We noted it earlier, but one of the more interesting aspects of comparing Ghost and WordPress is that the development of Ghost was inspired mainly by the WordPress platform. It doesn’t want to be everything that WordPress has become but instead remains true to the WordPress platform’s original purpose. It’s no accident that the team behind Ghost bill it as the fast, modern WordPress alternative.
Upfront Costs and Hosting
Both solutions are open-source software that requires you to secure self-hosting and a domain name. While the initial software download is free, those latter two items are not.
Domains cost anywhere from $10 to $15 annually. Depending on the service, hosting costs run anywhere from a few dollars a month to $20 or more. The platforms are comparable in this regard, with one major exception
One of the central differences between Ghost and WordPress is the requirements for hosting each platform. WordPress is about as universal as it gets. Any web host can accommodate WordPress. One of the most popular is Bluehost, one of WordPress.org’s preferred web hosts.
There’s not much separating the two platforms here, but WordPress has the edge as a more universal platform.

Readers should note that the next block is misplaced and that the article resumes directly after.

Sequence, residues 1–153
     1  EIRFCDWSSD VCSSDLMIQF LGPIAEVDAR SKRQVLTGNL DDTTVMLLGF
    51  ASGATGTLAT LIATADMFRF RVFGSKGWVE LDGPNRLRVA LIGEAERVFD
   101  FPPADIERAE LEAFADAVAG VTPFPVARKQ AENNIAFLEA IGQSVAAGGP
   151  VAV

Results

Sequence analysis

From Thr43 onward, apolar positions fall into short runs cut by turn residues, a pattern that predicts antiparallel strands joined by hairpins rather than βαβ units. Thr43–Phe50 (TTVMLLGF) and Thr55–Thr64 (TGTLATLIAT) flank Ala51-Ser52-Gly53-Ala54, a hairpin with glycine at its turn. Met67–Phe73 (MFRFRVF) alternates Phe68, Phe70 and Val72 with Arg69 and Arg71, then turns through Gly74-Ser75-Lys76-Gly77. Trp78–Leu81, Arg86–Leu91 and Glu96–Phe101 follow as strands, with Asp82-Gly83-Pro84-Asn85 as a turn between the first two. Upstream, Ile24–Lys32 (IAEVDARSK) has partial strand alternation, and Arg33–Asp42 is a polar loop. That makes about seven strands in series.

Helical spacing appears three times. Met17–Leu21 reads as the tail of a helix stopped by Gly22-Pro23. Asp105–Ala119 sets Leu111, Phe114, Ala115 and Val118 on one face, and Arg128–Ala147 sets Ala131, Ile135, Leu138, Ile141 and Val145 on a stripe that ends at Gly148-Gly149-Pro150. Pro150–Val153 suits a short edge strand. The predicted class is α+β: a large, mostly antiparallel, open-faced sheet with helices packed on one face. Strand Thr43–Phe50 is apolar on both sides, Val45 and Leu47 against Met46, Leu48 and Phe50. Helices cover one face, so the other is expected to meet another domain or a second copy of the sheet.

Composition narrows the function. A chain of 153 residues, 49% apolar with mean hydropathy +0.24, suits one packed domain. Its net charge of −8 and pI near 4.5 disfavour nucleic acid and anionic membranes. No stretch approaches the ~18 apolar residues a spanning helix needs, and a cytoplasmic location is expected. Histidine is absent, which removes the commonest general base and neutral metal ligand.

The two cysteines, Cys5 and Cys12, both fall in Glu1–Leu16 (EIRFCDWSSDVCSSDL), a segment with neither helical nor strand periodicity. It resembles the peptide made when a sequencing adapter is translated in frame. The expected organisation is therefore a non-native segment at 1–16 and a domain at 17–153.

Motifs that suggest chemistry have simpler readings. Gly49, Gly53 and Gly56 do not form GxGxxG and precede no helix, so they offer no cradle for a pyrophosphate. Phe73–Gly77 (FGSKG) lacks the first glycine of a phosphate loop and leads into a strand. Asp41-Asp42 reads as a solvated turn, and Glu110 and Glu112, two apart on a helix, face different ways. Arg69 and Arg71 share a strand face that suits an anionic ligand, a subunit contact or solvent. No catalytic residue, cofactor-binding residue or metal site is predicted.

Ease of use
The key to great software is how easy it is to navigate, use, and complete your intended tasks. When building a blog, that translates into how quickly you can set up and begin posting.
Though it’s a widely used platform, there is a considerable learning curve for those unfamiliar with WordPress. Much of your initial success will depend on how quickly you acclimate to everything that WordPress throws at you. You have a ton of options, choices, and decisions to make.
WordPress then doubles down with themes, widgets, and a dizzying array of plugins, including free and premium options. All of these make your site look better and run smoother but can overwhelm some.
The good news is that once you grow accustomed to the interface, WordPress is easy and intuitive to manage. But based on its breadth alone, though, it is always an ongoing process.
By its very nature, first-time users will find Ghost more accessible. Its narrower focus on creating and publishing content translates to fewer options and overall clutter.
The interface is clean and uncomplicated, and simple to navigate. The color-coding of icons is a particularly nice touch. Overall, Ghost’s dashboard feels modern, which helps its cause over WordPress, which favors it’s functionally almost to a fault.